AmblesideOnline AO Parents' Review Articles

The Parents' Review

A Monthly Magazine of Home-Training and Culture

Edited by Charlotte Mason.

"Education is an atmosphere, a discipline, a life."
Some Remarks on Playthings

Volume 7, 1896, pgs. 732-736

Few museums are without a touching little collection of toys--the playthings of children ages ago. They are all much alike-Egyptian, Roman or English--and though rudely fashioned, are strong and sufficient for their purpose, and worthy to be, as they possibly were, handed down from parent to child; or, as was not unfrequently the case, buried with their little owner. One wonders as one looks at them how many of the toys in use to-day will survive to the end of the century. A good proportion, it is safe to say, will be broken before the end of the week!

It is almost proverbial that modern children break a great many of their toys within a very short time of their becoming possessed of them. This is regarded by different parents with varying forms of disapproval, and while some mothers lament over it merely as a costly and aggravating form of "naughtiness," the more thoughtful regard with far-reaching apprehension, the wanton and ever-recurring destruction. But in both cases (and the two forms of maternal vexation are common) something has been left unsaid. The real sting lies in the unwavering cheerfulness of the culprit, who is rarely disposed to think himself any the poorer by these mishaps. Nor is he! It is often remarked that children like their oldest and shabbiest toys far better than the new ones bought to replace them, and that a string of empty cotton-reels will often be treasured and played with again and again, while a costly plaything is flung aside heedless of the result. Is it not partly because they demand real substance, and will not let their affections be caught by mere flimsy show--by toys which have not strength in them ever to reach the shabby stage at all? And are we not, by this perpetual proffering of worthless things, cultivating, or doing our best to cultivate a taste for flimsiness in every direction, which is telling deeply, not only on our own manufactures, but on all who manufacture for us?

It may be urged that the cotton-reels, which I have taken as an instance, continue in existence and outlast many other things, simply because it is almost impossible to destroy them. But even so, this is no fault; it should be the essential characteristic of the earlier playthings. Children are naturally destructive, and will very often pull things to fragments for the sheer joy of doing so. One cannot altogether prevent this--possibly it gets better for the child that one should not--but the phase while it lasts may well be regulated, and the energy and interest thus expended, gradually led on to the delight of construction instead. This can hardly be done but by the wise management of playthings, and by allowing, as far as possible, only indestructible ones at first. Queen Victoria's dolls are a happy instance of a cultivated child's care and constructiveness. Very likely the little Princess had also costly and ready-dressed dolls, but of these we hear nothing, and their career was no doubt short and uninteresting. On the cheap wooden-jointed ones were lavished all their owner's ingenuity and they probably were the only dolls who ever really peopled her imagination.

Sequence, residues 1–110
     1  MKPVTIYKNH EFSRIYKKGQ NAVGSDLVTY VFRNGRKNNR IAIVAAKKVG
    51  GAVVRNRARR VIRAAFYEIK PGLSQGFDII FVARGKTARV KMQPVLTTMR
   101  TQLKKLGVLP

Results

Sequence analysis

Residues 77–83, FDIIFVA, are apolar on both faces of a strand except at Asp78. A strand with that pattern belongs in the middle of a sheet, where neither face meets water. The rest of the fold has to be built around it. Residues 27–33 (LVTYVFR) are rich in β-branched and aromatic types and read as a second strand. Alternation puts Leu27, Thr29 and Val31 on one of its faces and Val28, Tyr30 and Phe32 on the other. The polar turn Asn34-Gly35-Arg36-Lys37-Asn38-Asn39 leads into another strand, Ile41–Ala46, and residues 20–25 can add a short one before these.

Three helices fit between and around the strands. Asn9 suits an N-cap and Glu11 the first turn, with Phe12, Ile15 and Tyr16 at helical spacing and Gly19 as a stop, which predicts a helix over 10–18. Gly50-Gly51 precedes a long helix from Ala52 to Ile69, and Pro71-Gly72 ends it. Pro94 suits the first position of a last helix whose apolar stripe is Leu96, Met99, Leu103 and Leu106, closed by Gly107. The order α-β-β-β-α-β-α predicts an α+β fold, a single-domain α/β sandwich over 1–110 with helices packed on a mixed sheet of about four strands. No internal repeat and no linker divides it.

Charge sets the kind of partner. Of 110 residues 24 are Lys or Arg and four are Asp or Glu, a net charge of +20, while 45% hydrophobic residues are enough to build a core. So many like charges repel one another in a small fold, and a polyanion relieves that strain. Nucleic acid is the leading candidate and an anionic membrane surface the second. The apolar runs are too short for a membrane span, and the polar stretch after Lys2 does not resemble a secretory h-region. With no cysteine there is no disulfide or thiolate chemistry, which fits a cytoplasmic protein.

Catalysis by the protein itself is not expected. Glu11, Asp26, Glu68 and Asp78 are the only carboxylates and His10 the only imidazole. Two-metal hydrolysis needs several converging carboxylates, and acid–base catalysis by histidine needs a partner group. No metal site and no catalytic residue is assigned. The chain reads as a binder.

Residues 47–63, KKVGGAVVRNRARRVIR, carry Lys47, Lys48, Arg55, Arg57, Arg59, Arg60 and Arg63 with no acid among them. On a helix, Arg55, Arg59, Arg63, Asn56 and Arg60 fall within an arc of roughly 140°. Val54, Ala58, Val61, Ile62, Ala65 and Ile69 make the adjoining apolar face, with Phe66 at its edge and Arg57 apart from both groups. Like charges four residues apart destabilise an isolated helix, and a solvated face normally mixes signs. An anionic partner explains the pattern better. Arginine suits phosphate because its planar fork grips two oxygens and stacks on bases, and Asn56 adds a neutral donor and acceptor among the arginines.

The ordinary toy-shop is a depressing place for an intending buyer who reflects on these things; for not one-twentieth of the articles sold there, will or can give more than a few hours' amusement, which ends in a demoralizing manner. They are not made to last, but to catch a whim, or cheaply give a short unsatisfactory pleasure. Besides this, many of them are positively dangerous. Poor paint that will not bear wetting (much less the sucking not improbably in store for it); little tin articles of various kinds, from miniature milk cans to railway trains, with edges almost as sharp as a knife's; furry rabbits and cats, whose skins are frequently dressed with arsenic; india-rubber animals, which are invariably provided with what is known in the nursery as a "squeak"--a thing temptingly easy to detach and use as a whistle--the performer, of course, running considerable risk of choking meanwhile--such toys there are, and few others! Things easy to swallow are, by the way, surprisingly numerous, considering for whom they are intended, and are generally quietly removed from any gift that arrives, by the prudent mother or nurse. All these go to make a friend who is in the habit of bringing the ordinary kind of present to a child, a very frequent cause of anxiety to a careful parent.

Toys are not, in the large majority of cases, bought by the individual who is going to use them, which is obviously unavoidable, but it is unfortunate, for not only would the probably be better made, but different things altogether would I think be in demand if it were otherwise. That is, of course, supposing that the buyers could indicate their wishes. The playthings of older persons are generally remarkable for the excellence of their workmanship. Balls, bats, rackets, fishing-rods, bicycles, and other things of the kind, are models for the most part, of the skilful combination of strength and durability with the other desired qualities, and they are eminently fit for their purpose. For though we often unwittingly buy unsuitable articles of many descriptions, as we buy children's toys, yet where our own play-things are concerned, we know exactly what we want, and reject inferior ones as far as possible. If we could apply the same knowledge and determination when choosing those for children, the contents of our nursery toy cupboards would be different from what they usually are, and very much more desirable for their little owners.